How to Take Care of Heirloom Furniture

Preventing Damage to Heirloom Furniture from Everyday Use and Moving

There's a right way and a wrong way to use furniture. Since you want to preserve your heirloom piece, you'll have to make sure that both you and others use it correctly. One simple tip is to use furniture as it's meant to be used. We often casually lean against the arm of a sofa or use the coffee table as a place to sit if nowhere else is available. But since neither of these places is really designed to support your body weight, you could cause structural damage to your furniture over time.

It's also important to protect surfaces. Use throws or slipcovers on upholstered furniture if you're concerned about the kind of damage that pets or children (or sloppy adults) can cause. Invest in some coasters for cold glasses and hot coffee mugs -- cold, wet items can leave cloudy spots on the finish, and hot items can actually melt it. If you can avoid this kind of misuse, you can definitely prolong the life of your heirloom furniture.

If you're moving furniture from room to room, or moving house, there are some basic steps you can take to avoid damaging your furniture:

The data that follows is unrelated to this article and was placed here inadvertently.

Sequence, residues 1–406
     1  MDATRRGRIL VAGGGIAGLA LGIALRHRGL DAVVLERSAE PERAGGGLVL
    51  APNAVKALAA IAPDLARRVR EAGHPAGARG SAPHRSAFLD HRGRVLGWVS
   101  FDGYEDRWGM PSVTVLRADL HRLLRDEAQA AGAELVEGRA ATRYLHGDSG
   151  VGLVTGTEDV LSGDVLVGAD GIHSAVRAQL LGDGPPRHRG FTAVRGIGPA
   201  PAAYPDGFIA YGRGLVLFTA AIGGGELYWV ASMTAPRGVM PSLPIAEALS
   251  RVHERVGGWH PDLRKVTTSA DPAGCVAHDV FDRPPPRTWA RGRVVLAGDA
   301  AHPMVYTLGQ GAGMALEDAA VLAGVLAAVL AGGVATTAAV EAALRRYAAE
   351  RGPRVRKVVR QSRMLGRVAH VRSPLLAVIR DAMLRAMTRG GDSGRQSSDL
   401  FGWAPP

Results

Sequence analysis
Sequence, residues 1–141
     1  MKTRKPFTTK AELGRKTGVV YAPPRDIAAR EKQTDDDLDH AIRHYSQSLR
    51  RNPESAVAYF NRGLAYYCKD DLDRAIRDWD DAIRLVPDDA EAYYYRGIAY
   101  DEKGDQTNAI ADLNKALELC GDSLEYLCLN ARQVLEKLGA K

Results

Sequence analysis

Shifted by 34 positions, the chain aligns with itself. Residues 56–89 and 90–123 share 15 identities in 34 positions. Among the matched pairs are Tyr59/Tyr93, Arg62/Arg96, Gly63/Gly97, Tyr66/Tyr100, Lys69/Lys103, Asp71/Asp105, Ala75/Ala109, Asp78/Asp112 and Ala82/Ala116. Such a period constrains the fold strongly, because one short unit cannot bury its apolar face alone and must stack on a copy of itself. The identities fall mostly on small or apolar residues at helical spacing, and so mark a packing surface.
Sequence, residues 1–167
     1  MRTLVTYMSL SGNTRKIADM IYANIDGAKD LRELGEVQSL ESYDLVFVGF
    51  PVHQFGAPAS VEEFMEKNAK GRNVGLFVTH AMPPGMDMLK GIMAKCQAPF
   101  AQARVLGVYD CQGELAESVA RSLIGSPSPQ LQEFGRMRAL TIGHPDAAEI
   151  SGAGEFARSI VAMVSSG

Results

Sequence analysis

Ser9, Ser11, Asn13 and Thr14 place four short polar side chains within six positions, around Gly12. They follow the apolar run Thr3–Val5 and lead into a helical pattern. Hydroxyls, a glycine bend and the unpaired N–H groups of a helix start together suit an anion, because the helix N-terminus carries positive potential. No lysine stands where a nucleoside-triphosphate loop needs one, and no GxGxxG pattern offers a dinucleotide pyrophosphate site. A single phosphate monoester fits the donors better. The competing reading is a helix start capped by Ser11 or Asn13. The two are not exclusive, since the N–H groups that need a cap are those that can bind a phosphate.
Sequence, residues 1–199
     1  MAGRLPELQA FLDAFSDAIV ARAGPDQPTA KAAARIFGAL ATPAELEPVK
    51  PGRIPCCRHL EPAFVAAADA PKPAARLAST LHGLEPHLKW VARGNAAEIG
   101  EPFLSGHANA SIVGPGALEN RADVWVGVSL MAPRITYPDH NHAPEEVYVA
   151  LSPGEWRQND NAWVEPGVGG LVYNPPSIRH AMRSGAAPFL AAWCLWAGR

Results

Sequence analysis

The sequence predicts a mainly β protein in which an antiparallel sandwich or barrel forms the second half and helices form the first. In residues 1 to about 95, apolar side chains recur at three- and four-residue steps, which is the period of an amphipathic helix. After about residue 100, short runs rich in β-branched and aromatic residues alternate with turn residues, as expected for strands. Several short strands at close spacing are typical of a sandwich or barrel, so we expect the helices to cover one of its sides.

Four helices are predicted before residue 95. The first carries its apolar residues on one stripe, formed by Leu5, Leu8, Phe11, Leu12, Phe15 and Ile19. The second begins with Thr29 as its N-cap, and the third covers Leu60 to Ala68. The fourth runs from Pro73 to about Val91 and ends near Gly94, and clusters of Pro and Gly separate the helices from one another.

• Measure ahead of time and make sure that it will fit through the doorway of its designated room.
  • Check for obstructions like existing furniture and low-hanging light fixtures.
  • Never drag a piece of furniture across the floor; you'll potentially damage both the furniture's legs and your floor.
  • Pick it up its strongest element. For example, a table should be picked up by its legs, not its top.
  • If you have to put furniture in a moving van, make sure it's well padded.
  • Remove any drawers or other loose elements.
  • If there is removable glass or marble, take it out and wrap it separately.
  • Lay big pieces such as dressers flat on their backs.
  • When you are walking the piece to its new home, go slowly and cautiously. Taking a little extra time can make all the difference.

We'll look at the environmental enemies of heirloom furniture and how to deal with them, next.